Clearly, the Internet of Things stands out as one of the primary topics in networking at present. Traditionally, IPv6 has served as a network protocol for connecting IoT devices. However, Information-Centric Networking, and more specifically Named Data Networking (NDN), have drawn significant attention in recent research on future Internet technologies. NDN constitutes a novel networking paradigm, representing an evolution of the traditional IP architecture [3]. Numerous authors have described it as a promising technology [4,5,6], a key enabling paradigm for IoT [7], and some have even referred to it as revolutionary [8]. The enthusiasm for NDN is driven by its ability to address numerous classical TCP/IP-related issues such as location dependence, scalability, node mobility, intermittent connectivity, and network overhead, as documented in [9].
The motivation for the NDN protocol stems from the limitations of the existing host-centric paradigm in today’s Internet. There is a clear need for an alternative approach that shifts the focus from the location of data to the data itself. Users are increasingly interested in accessing data, while possibly being unaware of its location. NDN addresses this shift while also enhancing security, privacy, and efficient data retrieval. By enabling caching of information closer to consumers, it reduces network overhead and supports the growing number of devices and mobility requirements in the modern network landscape.
Given the inherent constraints of IoT devices in terms of energy, memory, and computational resources [10], optimizing energy consumption in communication is a critical aspect, which is the primary focus of this work. For many IoT devices, network communication accounts for a significant portion of their energy consumption. Therefore, reducing energy consumption through communication can significantly decrease a device’s overall energy footprint.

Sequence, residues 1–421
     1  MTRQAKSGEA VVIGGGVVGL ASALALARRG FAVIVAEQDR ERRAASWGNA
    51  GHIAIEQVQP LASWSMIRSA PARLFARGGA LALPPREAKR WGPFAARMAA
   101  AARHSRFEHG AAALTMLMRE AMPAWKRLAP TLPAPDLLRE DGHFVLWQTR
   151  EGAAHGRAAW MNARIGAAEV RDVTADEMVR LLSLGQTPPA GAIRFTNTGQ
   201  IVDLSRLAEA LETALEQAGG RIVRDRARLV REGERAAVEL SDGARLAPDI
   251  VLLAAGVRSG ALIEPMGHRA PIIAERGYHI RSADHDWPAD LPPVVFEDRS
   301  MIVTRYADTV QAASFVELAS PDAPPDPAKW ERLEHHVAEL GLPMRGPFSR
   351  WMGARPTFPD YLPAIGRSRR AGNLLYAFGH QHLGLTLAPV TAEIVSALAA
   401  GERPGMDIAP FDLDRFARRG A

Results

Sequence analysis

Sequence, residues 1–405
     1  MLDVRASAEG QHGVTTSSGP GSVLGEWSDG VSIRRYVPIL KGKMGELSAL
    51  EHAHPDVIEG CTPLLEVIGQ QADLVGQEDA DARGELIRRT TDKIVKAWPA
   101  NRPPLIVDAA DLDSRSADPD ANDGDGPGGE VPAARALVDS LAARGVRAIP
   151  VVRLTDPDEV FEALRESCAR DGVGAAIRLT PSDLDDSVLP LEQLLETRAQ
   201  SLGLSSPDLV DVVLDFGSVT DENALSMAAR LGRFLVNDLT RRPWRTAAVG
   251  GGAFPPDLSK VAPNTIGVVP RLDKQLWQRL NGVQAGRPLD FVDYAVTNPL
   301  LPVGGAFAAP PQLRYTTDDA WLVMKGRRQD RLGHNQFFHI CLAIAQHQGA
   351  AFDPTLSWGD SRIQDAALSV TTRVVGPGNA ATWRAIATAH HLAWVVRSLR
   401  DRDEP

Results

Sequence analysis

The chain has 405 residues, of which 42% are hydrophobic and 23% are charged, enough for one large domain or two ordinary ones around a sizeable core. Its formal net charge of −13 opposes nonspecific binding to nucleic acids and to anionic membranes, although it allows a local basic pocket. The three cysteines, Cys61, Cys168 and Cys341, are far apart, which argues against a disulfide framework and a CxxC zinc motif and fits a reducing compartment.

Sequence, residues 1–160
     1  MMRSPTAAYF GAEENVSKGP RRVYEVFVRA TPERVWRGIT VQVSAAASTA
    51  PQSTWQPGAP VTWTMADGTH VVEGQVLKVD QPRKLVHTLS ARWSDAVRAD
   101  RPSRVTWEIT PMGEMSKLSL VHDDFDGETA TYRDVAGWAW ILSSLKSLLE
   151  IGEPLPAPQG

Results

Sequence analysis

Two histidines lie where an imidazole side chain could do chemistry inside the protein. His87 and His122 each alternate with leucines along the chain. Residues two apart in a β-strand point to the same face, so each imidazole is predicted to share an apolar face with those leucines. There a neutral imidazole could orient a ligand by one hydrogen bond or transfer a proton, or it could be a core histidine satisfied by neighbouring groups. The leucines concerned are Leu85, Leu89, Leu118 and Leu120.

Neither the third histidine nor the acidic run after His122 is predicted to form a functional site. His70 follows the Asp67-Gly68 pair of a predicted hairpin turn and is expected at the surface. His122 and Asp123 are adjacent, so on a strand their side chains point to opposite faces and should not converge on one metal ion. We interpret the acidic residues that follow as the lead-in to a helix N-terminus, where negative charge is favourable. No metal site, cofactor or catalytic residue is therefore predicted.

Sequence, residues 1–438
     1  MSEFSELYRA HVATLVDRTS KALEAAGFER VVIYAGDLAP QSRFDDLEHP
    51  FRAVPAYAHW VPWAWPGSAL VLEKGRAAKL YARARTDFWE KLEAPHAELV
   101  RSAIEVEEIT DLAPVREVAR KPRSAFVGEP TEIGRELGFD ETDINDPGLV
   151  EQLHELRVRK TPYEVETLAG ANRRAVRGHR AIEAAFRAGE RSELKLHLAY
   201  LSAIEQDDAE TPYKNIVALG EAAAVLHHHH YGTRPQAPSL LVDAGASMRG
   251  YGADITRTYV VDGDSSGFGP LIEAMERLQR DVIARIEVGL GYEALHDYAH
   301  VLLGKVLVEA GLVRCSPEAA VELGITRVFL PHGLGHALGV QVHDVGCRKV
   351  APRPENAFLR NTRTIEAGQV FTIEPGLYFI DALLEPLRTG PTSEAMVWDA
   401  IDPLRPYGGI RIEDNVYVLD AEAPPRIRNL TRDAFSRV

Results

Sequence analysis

This work finds the energetically best parameter combinations in a set of given parameters using hyperparameter optimization. The primary objective is to investigate the impact of network parameters, such as network size, topology, packet size, and the number of sent packets, on energy consumption within the network. Breaking down networks into a set of distinct parameters enables a precise analysis of various factors that influence energy consumption. However, for most parameters, the number of potential combinations increases exponentially. This presents a substantial challenge as the goal is to discover the optimal global energy consumption within all possible combinations.
To address this issue, the problem is reframed as a hyperparameter optimization problem, a concept derived from machine learning. A fundamental algorithm employed in this field is grid search. This algorithm conducts an exhaustive search of all parameter combinations, which, in turn, leads to an exponential increase in the number of iterations. Consequently, it becomes imperative to minimize the number of parameters and their value ranges.